Forest policy vindication
RD: Bill Lahey’s Independent Forestry Review Report is a long-awaited vindication of what many woodlot owners, harvesters, and environmentalists have been saying for years: we need a forestry industry that leaves a significant portion of forest intact. We have been exploiting our forest – with too much clearcutting and planting of monocultures – in an unsustainable fashion.
Lahey’s message is clear: the forests of Nova Scotia are important for economic, social, recreational, and ecological reasons – but without protecting the ecological underpinning of the forestry sector, we risk it all. Change must come and the government – on most Crown land – should be a model of ecological forestry.
I’ve met people across Nova Scotia who practice ecological forestry already, or strive to whenever circumstances allow. They harvest low volumes that have high value, and leave a forest standing. Forestry organizations and businesses like Taylor Lumber, the Medway Community Forest Co-operative, Western Woodlot Services Co-op, Larch Wood Enterprises, Windhorse Farm, the Nova Scotia Landowners and Forest Fibre Producers Association, and the North Nova Forestry Co-operative (to name a few) show what we can accomplish when we diversify our forest products and think outside the clearcut.
Government has a crucial role in transitioning the economy and making sure no Nova Scotians fall through the cracks along the way. When the NDP was in government we saw that change was necessary, and through extensive consultations we charted a new path in the Natural Resources Strategy. In many ways, Lahey’s forestry review affirms its findings: the future of the forestry industry in Nova Scotia depends on finding a balance and, no doubt, it won’t be easy.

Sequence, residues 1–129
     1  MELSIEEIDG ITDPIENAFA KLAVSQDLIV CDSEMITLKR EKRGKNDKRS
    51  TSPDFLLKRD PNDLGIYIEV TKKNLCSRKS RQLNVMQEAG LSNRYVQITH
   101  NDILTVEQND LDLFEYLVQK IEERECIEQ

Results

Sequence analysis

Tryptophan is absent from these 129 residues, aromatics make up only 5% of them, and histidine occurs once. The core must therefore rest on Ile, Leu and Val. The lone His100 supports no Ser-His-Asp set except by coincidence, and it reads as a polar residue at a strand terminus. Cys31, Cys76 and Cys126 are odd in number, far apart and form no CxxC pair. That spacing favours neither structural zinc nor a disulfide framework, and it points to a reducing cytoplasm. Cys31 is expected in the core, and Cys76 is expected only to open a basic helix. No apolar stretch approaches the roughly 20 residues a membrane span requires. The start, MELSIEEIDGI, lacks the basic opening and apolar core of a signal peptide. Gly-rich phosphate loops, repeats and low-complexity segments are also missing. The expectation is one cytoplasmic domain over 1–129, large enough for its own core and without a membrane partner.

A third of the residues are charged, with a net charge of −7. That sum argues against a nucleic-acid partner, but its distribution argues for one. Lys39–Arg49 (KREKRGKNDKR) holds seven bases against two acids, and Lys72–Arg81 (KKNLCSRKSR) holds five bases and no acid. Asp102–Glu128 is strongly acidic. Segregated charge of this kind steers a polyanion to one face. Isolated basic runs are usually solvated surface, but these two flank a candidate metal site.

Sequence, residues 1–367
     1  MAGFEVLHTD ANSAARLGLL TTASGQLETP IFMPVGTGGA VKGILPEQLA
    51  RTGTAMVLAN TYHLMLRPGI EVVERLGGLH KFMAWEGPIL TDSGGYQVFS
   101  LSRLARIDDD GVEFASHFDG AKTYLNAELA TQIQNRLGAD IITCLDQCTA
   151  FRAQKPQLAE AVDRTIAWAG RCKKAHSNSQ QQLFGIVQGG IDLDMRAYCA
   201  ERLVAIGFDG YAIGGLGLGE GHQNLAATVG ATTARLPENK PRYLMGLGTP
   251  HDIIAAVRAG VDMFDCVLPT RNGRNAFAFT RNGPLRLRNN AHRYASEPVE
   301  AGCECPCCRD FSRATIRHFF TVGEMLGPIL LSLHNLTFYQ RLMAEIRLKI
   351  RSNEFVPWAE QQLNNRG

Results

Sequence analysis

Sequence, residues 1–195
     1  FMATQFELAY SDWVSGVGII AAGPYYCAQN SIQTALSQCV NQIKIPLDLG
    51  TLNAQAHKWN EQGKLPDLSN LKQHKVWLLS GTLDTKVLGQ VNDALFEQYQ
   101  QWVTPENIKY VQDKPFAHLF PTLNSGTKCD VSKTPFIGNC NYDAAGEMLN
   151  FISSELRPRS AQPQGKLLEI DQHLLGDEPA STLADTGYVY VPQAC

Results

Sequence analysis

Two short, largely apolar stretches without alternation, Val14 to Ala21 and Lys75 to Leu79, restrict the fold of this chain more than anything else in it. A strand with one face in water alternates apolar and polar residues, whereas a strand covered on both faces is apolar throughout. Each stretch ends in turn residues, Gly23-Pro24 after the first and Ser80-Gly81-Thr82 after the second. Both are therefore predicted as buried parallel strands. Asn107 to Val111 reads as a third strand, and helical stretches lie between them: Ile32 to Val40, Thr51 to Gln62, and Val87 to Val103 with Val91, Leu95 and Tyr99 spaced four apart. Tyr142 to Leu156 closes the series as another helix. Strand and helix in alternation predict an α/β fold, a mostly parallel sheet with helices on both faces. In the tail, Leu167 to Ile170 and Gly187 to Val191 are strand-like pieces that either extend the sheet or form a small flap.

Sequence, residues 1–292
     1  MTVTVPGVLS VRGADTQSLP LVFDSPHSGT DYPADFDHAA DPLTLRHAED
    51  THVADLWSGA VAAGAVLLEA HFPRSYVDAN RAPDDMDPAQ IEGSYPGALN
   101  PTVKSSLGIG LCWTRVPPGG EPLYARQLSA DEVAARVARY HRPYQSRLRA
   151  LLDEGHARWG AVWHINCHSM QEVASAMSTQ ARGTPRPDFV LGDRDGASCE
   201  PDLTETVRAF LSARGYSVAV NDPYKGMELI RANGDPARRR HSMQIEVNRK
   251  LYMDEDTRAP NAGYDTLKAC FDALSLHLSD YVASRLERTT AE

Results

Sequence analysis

While we weren’t perfect, we started taking steps in the right direction. Unfortunately, McNeil’s Liberals reversed that transition. In 2016, then minister of the Department of Natural Resources Lloyd Hines defended extensive clearcuts on Crown land with “new forestry science.” But in Lahey’s review, the old DNR’s science gets a failing grade.
While clearcutting may be economical for the harvester and buyer – and Lahey argues, justifiable in plantations and in already disturbed forest monocultures – it has ecological and social costs. Clearcutting also requires expensive machines but little labour. A restorative and ecological approach can benefit Nova Scotians by employing more of them, and benefit us all by providing wildlife habitat, maintaining biodiversity, holding onto fresh water, and sequestering carbon. Let’s value the forest and the trees, and embrace change.
MLA for Halifax Needham
NDP Spokesperson for Lands and Forestry